We are all very saddened by the
terrible events of the school shootings in Connecticut on December 14th.I want you to know that in the past five
years the Sioux Center Community School District has taken steps to ensure the
safety of our children.
·Security systems have been installed
·Security cameras have been installed
·Through construction, moving the offices in Kinsey
Elementary School and the high school from the interior of each building to the
exterior so that visitor must physically go through the office to enter the
The problem is that Sandy Hook
Elementary School did everything right. The shooter shot his way into the
building.The doors were locked, they
had practiced lock down drills, and the staff followed the procedures.The shooter was determined to get in the
In my opinion, the way to prevent
these tragedies is for each child to have a meaningful relationship with school
personnel. This validates their dignity and worth, not because of academics,
athletics, or fine arts, but because they are a child of God. If these children
have mental health issues then we need to get them assistance.
In the Sioux Center Community School
District we treat the safety of our children as our number one priority. I
believe that we are naive if we think that we are immune to tragedy and evil
but we do not want to have to ask the question, "Could we have done
more?" should we have a terrible situation.
As we move forward through the
Christmas season please pray for the people that are dealing with this tragedy.
There is so much damage may never be repaired. The children that survived and
now bear the mental scars, the Emergency Responders and police that witnessed
and dealt with the horrible scene, and the parents and victim's siblings whose
lives without their beautiful little child must go on without them. This time
of the season, which should be joyous celebration of our Savior's birth, will
now be a painful reminder of this day.
There is staff of the school that
must live with the loss of young lives under their watch and the loss of
colleagues who paid the ultimate sacrifice for their students. Their acts of
bravery and unselfishness demonstrate the love that teachers have for their
students. They did what we all hope we would have the courage to do when faced
with a life or death situation.
The news shows have had many
interviews with church personnel and the question arises, "Why would a
loving God allow this to happen?" I do not know the answer as I do not
know God's master plan but I do know this, I trust in God and his grand design
for his people. We live in a broken world where evil exits for evil's sake and I believe that the goodness of
God will triumph.
Here is an article I shared with the Sioux Center Community Schools staff this morning.
Students in some Algebra and Geometry classes at
Sioux City West High School were asked to bring M&Ms, Skittles and Tootsie
Rolls to class last year. Students thought that "homework" assignment
was really sweet, to say the least. Little did they know that their skillful
teachers were using these manipulatives as a differentiated instruction strategy.
Actually, as transparent as these teachers are, the students likely did know.
to standards-based grading and instruction. While this may not seem like your
classroom experiences of the past, take note because the results Jamie Bratvold
(pictured left) and Arynn Rasmussen (pictured right) found teaching this way
are worth sharing.
Bratvold and Rasmussen, who recently relocated to Texas, explained the
difference between their past practice of norm-based grading versus
standards-based grading this way: The standards-based method equalizes the
grading process in that only a student's summative assessments are used for his
or her grade. Homework assignments, participation, attendance and attitude have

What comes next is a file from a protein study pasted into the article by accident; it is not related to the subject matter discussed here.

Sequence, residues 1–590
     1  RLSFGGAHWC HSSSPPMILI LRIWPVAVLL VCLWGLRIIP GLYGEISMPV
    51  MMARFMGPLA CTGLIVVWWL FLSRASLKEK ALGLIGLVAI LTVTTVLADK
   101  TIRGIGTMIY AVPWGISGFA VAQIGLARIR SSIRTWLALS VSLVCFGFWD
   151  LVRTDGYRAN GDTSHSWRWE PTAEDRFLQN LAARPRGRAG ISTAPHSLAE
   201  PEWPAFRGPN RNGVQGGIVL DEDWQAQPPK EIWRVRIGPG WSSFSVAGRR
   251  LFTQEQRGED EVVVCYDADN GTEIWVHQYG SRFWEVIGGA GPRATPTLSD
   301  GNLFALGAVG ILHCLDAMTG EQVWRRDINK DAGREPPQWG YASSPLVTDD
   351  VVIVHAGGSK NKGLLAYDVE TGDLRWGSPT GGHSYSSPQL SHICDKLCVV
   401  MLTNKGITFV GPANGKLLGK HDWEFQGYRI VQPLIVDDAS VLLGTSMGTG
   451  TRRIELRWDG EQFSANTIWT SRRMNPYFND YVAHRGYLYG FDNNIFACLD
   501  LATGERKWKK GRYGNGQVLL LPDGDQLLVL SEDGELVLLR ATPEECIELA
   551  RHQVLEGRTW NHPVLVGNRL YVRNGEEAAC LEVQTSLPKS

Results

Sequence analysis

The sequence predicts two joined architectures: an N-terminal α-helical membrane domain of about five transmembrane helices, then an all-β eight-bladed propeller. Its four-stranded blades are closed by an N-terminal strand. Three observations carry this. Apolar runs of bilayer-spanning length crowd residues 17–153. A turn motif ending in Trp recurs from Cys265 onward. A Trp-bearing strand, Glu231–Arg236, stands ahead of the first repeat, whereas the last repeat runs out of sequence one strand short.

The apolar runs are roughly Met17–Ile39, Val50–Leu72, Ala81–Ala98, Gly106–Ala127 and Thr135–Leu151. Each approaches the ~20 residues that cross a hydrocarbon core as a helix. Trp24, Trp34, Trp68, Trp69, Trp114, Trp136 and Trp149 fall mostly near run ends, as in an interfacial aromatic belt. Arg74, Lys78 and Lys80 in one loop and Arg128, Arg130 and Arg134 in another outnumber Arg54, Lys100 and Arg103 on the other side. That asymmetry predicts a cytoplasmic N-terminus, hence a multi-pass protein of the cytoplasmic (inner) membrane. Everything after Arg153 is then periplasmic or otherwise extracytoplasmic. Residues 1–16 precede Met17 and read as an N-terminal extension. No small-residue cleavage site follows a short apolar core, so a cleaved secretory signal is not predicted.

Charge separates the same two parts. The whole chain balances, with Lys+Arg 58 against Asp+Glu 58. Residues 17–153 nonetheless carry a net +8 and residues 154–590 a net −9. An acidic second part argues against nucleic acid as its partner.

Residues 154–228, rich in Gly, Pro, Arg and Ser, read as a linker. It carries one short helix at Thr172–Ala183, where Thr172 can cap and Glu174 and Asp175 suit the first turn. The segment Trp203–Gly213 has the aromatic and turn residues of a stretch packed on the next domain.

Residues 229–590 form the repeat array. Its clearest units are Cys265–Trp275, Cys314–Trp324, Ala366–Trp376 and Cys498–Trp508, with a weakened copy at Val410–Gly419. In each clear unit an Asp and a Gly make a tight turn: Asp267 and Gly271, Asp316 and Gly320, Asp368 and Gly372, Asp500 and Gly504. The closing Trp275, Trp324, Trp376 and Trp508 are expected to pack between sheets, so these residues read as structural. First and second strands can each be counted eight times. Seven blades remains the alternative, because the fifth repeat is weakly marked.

a weight of zero in grading. However, those formative assessments provide
guidance for day-to-day differentiated instruction.
Bratvold and Rasmussen like to use this analogy to further clarify, "With
any sport, an athlete has to practice their skill. There are scrimmages and
there are games. Homework is their practice, quizzes are the scrimmages and
summative tests are the games—the only things that really 'count.' If you don't
practice and do well in the scrimmages, you won't make it in the real
Because the areas of student progress can be easily identified, conversations
become richer among peers and teachers, and engaged learning happens through
differentiated instruction. These are added benefits to standards-based
teaching, according to Bratvold.
The West High teachers established their teaching methods on the work of Rick
Wormeli and Robert J. Marzano. These education gurus believe in testing and
re-testing. However, a student will only have an opportunity to re-test if he
or she has put in the practice, or, in other words, the students have submitted
all of their homework assignments.
When asked why they switched from norm- to standards-based grading, Bratvold
said they noticed that students weren't remembering what they learned in the
first quarter later in the fourth quarter.
"In our norm-based grading, students typically received higher grades on
their report cards than the results from state standard testing," Bratvold
explained. "We knew something needed to change."
In the summer of 2011, a professional development cadre at West High got together
to "unwrap the standards." By defining what it meant to "employ
the properties of equality," for example, the cadre listed a comprehensive
list of properties they felt needed to be mastered for that standard. The
standards also had to fit within the Iowa Core expectations. Once they knew how
to define each standard, grading for each one became more balanced and
"As opposed to looking at norm-based grades that can factor in attendance,
attitudes, participation and other intangibles, standards-based grading
identifies what a student does or does not struggle with," said Bratvold.
Knowing which concepts a student hasn't yet mastered is half the battle. The
flip-side for teachers is how to change, or differentiate, their teaching so
that kids can engage with concepts in a way that makes learning easier.
Enter M&Ms, Skittles and Tootsie Rolls. Students were able to create and
solve their own math problems by using these yummy manipulatives.
Critics may say, "That's great to incorporate chocolate into classrooms,
but are they learning anything?"
Bratvold and Rasmussen can tell you that not only are students more engaged in
the classroom, but that, yes, test scores in one class increased from 55